1. Healthcare providers frequently obtain written assignments from patients assigning providers the right to pursue claims for benefits against (including filing suit against) the patient’s health plan.  The Third Circuit Court of Appeals has joined several other circuits in holding that such assignments are ineffective as to ERISA plans that contain anti-assignment language.9  With such anti-assignment language, only patients and their representatives may sue the plan for benefits.
  1. The Patient Centered Outcomes Research Institute (PCORI) fee increased to $2.45 per covered life for plan years ending after September 2018 and before October 2019. The next PCORI fee must be paid by July 31, 2019.
  1. For 2019, the annual dollar limit on employee contributions to a health FSA will increase from $2,650 to $2,700. The limit on HSA contributions for self-only coverage will increase from $3,450 to $3,500 and the limit for family coverage will increase from $6,900 to $7,000. The age 55+ catch-up contribution limit remains at $1,00.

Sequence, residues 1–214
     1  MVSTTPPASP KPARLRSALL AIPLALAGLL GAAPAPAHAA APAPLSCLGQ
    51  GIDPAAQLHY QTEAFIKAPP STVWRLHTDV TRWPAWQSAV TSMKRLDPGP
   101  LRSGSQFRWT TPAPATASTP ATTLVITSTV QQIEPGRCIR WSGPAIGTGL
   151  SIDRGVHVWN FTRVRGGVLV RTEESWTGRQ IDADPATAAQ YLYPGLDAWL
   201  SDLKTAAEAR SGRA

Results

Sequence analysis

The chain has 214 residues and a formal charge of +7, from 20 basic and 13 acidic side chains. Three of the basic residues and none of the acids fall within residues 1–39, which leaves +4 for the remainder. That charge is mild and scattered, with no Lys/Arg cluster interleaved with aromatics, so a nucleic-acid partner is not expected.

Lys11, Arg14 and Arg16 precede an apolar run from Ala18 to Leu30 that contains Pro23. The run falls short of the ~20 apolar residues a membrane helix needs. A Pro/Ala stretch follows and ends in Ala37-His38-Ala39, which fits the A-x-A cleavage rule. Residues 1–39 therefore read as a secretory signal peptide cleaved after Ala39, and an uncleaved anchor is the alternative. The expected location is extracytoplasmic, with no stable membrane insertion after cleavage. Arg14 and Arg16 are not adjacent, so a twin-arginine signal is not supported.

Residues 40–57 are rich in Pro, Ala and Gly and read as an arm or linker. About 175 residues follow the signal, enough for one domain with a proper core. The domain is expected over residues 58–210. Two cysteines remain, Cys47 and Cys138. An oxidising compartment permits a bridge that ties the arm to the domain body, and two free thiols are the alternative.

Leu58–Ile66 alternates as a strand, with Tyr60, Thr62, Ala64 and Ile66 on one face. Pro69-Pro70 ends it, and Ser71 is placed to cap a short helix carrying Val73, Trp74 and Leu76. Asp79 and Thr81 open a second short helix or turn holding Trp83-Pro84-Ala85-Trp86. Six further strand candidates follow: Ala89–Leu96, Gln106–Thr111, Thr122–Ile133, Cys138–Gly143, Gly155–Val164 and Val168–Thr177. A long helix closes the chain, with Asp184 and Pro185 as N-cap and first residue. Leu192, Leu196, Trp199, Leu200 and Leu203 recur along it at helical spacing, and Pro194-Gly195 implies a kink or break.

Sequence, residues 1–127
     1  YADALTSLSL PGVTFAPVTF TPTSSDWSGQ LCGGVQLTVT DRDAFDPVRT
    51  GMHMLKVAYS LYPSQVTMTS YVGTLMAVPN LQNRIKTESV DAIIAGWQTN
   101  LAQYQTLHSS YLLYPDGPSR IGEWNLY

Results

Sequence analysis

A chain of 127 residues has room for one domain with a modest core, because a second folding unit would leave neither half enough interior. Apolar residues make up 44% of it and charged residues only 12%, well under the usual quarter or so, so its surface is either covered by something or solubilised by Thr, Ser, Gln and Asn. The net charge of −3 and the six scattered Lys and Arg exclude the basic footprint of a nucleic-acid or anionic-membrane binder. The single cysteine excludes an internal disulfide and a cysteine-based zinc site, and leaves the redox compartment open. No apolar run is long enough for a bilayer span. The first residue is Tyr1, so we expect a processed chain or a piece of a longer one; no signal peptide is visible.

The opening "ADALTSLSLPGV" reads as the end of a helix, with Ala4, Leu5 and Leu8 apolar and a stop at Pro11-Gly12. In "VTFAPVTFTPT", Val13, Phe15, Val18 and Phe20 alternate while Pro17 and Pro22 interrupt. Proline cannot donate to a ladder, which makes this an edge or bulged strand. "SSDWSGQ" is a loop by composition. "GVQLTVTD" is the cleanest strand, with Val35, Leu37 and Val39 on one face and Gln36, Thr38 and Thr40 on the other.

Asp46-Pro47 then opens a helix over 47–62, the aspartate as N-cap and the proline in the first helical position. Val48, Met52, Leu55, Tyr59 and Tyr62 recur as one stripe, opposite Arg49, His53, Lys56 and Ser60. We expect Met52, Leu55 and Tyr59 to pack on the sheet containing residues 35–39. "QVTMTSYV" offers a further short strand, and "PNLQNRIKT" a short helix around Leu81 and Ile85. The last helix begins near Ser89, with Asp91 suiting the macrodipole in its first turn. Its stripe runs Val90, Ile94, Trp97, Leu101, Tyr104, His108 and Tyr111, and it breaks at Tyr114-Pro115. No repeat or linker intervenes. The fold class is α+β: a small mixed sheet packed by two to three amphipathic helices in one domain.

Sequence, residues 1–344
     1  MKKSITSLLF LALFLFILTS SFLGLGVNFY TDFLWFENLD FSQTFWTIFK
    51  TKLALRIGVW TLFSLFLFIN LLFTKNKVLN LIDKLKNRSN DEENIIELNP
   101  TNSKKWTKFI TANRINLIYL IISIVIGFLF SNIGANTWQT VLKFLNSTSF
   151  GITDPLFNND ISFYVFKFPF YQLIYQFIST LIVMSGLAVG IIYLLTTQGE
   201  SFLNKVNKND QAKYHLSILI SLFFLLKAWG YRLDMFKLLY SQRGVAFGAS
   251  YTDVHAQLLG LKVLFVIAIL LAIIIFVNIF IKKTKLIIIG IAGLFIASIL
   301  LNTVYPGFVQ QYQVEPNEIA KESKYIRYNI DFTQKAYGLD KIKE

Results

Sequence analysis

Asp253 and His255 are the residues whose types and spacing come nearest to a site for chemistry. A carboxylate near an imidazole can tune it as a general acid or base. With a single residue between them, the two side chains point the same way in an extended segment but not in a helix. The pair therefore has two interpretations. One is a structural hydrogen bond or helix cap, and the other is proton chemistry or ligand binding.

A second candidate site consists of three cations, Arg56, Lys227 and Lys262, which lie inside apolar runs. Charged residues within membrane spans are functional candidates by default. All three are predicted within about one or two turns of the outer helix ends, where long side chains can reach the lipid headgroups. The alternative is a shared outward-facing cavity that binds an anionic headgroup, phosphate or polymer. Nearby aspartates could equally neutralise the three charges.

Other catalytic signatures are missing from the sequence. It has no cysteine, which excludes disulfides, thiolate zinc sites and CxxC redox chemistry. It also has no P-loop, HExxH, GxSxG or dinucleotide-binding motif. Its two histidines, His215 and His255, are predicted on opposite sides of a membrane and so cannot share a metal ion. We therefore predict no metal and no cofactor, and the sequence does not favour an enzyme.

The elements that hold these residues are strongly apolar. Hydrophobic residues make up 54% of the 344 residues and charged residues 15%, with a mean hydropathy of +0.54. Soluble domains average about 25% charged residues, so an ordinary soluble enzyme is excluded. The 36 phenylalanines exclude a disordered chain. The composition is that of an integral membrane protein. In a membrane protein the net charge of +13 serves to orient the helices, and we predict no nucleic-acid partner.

From all of us here at MMPL, your employee benefits law firm.

Not intended as legal advice.

  1. Texas v. United States, 340 F. Supp. 3d 579 (N.D. Tex. 2018).
  2. Pennsylvania v. Trump, No. CV 17-4540, 2019 WL 190324 (E.D. Pa. Jan. 14, 2019).
  3. In re Anthem, Inc. Data Breach Litig., No. 15-MD-02617-LHK, 2018 WL 3872788 (N.D. Cal. Aug. 15, 2018).
  4. Danny P. v. Catholic Health Initiatives, 891 F.3d 1155 (9th Cir. 2018) (residential treatment center exclusion); Gallagher v. Empire HealthChoice Assurance, Inc., 339 F. Supp. 3d 248 (S.D.N.Y. 2018) (wilderness treatment program exclusion); Vorpahl v. Harvard Pilgrim Health Ins. Co., No. 17-CV-10844-DJC, 2018 WL 3518511 (D. Mass. July 20, 2018) (wilderness treatment program exclusion); Bushell v. UnitedHealth Grp. Inc., No. 17-CV-2021 (JPO), 2018 WL 1578167 (S.D.N.Y. Mar. 27, 2018) (exception for nutritional counseling as applied to a patient with anorexia nervosa).
  5. Ariana M. v. Humana Health Plan of Texas, Inc., 884 F.3d 246 (5th Cir. 2018).
  6. Stolebarger v. Prudential Ins. Co. of Am., No. 17-CV-06161-WHO, 2018 WL 2287672 (N.D. Cal. May 18, 2018).
  7. CNH Industrial N.V. v. Reese, 138 S. Ct. 761 (2018); M & G Polymers USA, LLC v. Tackett, 135 S. Ct. 926 (201 5).
  8. Cooper v. Honeywell Int’l, Inc., 884 F.3d 612 (6th Cir. 2018).
  9. Am. Orthopedic & Sports Med. v. Indep. Blue Cross Blue Shield, 890 F.3d 445 (3d Cir. 2018).